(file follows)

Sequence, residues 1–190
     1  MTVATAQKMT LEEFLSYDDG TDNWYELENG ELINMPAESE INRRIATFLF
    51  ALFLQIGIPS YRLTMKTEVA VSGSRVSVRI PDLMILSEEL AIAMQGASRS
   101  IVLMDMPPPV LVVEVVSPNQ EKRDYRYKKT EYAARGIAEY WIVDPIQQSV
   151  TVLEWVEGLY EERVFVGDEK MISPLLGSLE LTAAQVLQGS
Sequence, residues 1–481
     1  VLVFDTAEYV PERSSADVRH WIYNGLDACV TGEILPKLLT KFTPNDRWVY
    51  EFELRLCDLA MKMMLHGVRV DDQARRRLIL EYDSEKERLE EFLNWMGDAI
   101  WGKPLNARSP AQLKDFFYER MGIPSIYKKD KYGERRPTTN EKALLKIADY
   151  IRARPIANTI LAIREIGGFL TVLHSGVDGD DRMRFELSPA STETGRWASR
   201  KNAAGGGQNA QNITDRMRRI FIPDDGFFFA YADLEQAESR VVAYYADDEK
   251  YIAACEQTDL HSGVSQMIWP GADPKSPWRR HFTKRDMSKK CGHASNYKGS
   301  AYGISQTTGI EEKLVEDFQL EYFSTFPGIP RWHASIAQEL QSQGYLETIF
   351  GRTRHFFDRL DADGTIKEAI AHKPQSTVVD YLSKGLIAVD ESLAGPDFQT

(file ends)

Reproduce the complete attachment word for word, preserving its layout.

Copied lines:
Sequence, residues 1–190
     1  MTVATAQKMT LEEFLSYDDG TDNWYELENG ELINMPAESE INRRIATFLF
    51  ALFLQIGIPS YRLTMKTEVA VSGSRVSVRI PDLMILSEEL AIAMQGASRS
   101  IVLMDMPPPV LVVEVVSPNQ EKRDYRYKKT EYAARGIAEY WIVDPIQQSV
   151  TVLEWVEGLY EERVFVGDEK MISPLLGSLE LTAAQVLQGS
Sequence, residues 1–481
     1  VLVFDTAEYV PERSSADVRH WIYNGLDACV TGEILPKLLT KFTPNDRWVY
    51  EFELRLCDLA MKMMLHGVRV DDQARRRLIL EYDSEKERLE EFLNWMGDAI
   101  WGKPLNARSP AQLKDFFYER MGIPSIYKKD KYGERRPTTN EKALLKIADY
   151  IRARPIANTI LAIREIGGFL TVLHSGVDGD DRMRFELSPA STETGRWASR
   201  KNAAGGGQNA QNITDRMRRI FIPDDGFFFA YADLEQAESR VVAYYADDEK
   251  YIAACEQTDL HSGVSQMIWP GADPKSPWRR HFTKRDMSKK CGHASNYKGS
   301  AYGISQTTGI EEKLVEDFQL EYFSTFPGIP RWHASIAQEL QSQGYLETIF
   351  GRTRHFFDRL DADGTIKEAI AHKPQSTVVD YLSKGLIAVD ESLAGPDFQT